>> the
    >> jars their library required, but it just seems they are happy to stick all
    >> the shit in a directory, and let the classloader/compiler figure it out.
    >>
    >> Steve
    >>

    > Take a look at JSR 277, http://www.jcp.org/en/jsr/detail?id=277, which shows


    > that someone is interested in the same kind of problem.
    >
    > (Probably driven by the .NET GAC on windows ?)



    well that could be really cool.
    unfortunately if it is anything like the USB standard , then were in for 5
    years of puffing and blowing.
    however i 'm going to keep my eye on it.
    steve, Jun 8, 2006
    #9
  10. Luke Webber

    Dale King Guest

    Luke Webber wrote:
    > I just had the great joy of deploying a simple webapp that uses SAAJ.
    > Care to guess how many jar files it needed? 24!
    >
    > I suppose I might have been able to dispense with some of these, but I
    > honestly don't know which ones might be surplus to requirements, and I
    > don't have time to try taking them out one at a time to find out. Hell,
    > it even barfed because it didn't have the JavaMail API, and I'm damned
    > if I know why it would need that.
    >
    > This situation seems to be getting worse every month. There are so many
    > dependencies from one project to another, some requiring things like
    > Xalan or Xerces and/or some of the Commons libraries, and others needing
    > Crimson or JavaMail or what-have-you. It's a real mess.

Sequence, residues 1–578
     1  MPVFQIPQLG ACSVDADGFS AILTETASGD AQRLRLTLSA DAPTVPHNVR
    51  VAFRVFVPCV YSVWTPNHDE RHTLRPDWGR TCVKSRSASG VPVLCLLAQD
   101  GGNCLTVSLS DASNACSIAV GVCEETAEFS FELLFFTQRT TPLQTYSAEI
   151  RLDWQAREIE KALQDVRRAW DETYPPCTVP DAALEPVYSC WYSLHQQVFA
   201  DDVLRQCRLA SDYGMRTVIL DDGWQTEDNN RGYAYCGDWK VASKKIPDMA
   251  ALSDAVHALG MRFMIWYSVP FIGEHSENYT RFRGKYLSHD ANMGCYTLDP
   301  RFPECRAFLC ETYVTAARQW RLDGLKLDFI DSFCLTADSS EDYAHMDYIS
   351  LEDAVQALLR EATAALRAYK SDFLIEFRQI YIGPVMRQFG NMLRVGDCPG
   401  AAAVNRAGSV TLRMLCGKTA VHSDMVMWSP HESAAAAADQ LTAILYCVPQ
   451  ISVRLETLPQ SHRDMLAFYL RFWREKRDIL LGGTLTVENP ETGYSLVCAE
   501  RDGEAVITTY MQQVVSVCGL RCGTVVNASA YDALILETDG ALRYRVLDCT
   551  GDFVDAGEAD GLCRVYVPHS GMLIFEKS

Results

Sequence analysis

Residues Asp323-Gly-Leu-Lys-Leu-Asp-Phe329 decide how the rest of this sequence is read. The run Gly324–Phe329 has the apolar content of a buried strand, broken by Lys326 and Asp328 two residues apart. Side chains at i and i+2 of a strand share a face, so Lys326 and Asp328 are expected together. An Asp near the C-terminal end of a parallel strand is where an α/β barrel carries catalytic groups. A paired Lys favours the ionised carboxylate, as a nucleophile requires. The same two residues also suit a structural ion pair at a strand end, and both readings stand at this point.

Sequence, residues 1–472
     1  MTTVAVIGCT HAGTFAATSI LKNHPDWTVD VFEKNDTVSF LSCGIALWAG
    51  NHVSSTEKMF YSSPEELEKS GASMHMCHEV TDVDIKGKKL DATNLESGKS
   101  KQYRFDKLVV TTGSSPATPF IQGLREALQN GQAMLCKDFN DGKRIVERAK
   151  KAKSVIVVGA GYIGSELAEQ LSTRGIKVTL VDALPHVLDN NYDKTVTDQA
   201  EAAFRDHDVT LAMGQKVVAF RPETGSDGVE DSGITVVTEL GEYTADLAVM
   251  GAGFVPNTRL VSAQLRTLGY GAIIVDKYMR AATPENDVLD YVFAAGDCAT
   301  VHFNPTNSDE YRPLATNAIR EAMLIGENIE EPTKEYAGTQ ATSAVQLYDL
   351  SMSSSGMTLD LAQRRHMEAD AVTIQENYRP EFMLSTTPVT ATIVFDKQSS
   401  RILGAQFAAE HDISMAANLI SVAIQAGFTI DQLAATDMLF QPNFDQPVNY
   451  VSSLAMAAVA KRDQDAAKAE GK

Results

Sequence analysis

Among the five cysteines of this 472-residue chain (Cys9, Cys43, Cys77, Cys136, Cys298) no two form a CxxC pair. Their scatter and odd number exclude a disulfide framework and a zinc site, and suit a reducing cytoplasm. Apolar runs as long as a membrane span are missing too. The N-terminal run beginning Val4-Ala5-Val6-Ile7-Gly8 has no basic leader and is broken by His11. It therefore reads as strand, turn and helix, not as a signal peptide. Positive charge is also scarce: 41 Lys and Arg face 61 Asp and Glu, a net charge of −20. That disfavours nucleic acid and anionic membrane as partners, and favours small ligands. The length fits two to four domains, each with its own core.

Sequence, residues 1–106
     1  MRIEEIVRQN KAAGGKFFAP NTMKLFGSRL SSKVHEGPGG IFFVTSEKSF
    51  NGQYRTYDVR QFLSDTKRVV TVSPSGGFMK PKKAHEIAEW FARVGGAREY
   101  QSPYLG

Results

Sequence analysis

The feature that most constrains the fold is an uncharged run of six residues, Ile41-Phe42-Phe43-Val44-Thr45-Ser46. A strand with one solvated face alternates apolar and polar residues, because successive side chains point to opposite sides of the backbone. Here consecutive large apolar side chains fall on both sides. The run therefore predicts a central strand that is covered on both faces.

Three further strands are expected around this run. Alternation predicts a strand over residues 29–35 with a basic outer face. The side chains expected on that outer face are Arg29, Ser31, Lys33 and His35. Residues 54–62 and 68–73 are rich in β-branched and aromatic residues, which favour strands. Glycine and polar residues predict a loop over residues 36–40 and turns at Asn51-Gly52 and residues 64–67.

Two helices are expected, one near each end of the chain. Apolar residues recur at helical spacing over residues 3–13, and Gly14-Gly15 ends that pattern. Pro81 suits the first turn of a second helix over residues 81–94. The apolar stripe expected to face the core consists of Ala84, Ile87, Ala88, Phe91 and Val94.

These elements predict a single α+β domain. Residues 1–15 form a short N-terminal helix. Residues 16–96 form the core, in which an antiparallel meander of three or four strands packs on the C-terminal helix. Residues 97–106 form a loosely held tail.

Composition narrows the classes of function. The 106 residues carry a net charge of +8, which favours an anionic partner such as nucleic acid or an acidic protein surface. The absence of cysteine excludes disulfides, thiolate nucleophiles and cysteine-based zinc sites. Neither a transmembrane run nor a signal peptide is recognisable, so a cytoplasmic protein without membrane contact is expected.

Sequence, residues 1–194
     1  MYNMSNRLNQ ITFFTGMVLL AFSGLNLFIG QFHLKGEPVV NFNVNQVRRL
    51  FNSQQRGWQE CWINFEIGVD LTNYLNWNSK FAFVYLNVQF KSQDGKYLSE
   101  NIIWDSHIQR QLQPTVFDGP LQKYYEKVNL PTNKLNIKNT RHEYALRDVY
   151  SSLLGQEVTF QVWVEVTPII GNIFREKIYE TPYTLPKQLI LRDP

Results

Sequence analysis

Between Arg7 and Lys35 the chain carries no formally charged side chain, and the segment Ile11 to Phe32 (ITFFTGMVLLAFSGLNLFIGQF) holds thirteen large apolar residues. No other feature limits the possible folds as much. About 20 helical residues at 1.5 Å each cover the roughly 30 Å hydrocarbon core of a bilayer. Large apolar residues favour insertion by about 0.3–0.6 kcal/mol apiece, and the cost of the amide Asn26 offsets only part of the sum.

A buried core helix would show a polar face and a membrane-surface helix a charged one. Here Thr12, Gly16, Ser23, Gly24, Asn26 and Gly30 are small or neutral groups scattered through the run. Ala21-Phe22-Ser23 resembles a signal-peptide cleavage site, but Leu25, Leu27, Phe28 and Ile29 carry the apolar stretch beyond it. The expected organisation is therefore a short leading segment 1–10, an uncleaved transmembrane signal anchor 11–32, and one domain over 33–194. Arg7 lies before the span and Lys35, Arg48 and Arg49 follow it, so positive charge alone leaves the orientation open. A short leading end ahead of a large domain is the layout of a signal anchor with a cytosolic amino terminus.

>
    > Does anybody have any suggestions for simplifying my life, or it this as
    > good as it gets?


    You should really checkout Maven. It makes dependency management a
    breeze. You just specify what your dependencies are in the Maven POM and
    it handles, downloading them from the public Maven repository and using
    them for its own builds. I believe its war plugin would then copy them
    to your WAR file. There is even an Eclipse plug-in where it will get its
    dependencies from the Maven project file.

    Check it out at http://maven.apache.org

    Note however that due to Sun's license restrictions they can't put Sun
    libraries (like JavaMail) in the public Maven repository, but that can
    be worked around. You can put them in your own local repository. See:

    http://maven.apache.org/guides/mini/guide-coping-with-sun-jars.html

    --
    Dale King
    Dale King, Jun 10, 2006
    #10
    1. Advertising

Want to reply to this thread or ask your own question?

It takes just 2 minutes to sign up (and it's free!). Just click the sign up button to choose a username and then you can ask your own questions on the forum.
Similar Threads
  1. peelman

    How many threads is too many?

    peelman, Jan 13, 2005, in forum: Java
    Replies:
    12
    Views:
    828
    Esmond Pitt
    Jan 15, 2005
  2. Rhino
    Replies:
    33
    Views:
    1,296
    Oliver Wong
    Dec 22, 2005
  3. rbt
    Replies:
    1
    Views:
    347
  4. Roedy Green
    Replies:
    10
    Views:
    679
    Roedy Green
    Jul 3, 2007
  5. Dag Sunde
    Replies:
    4
    Views:
    350
Loading...

Share This Page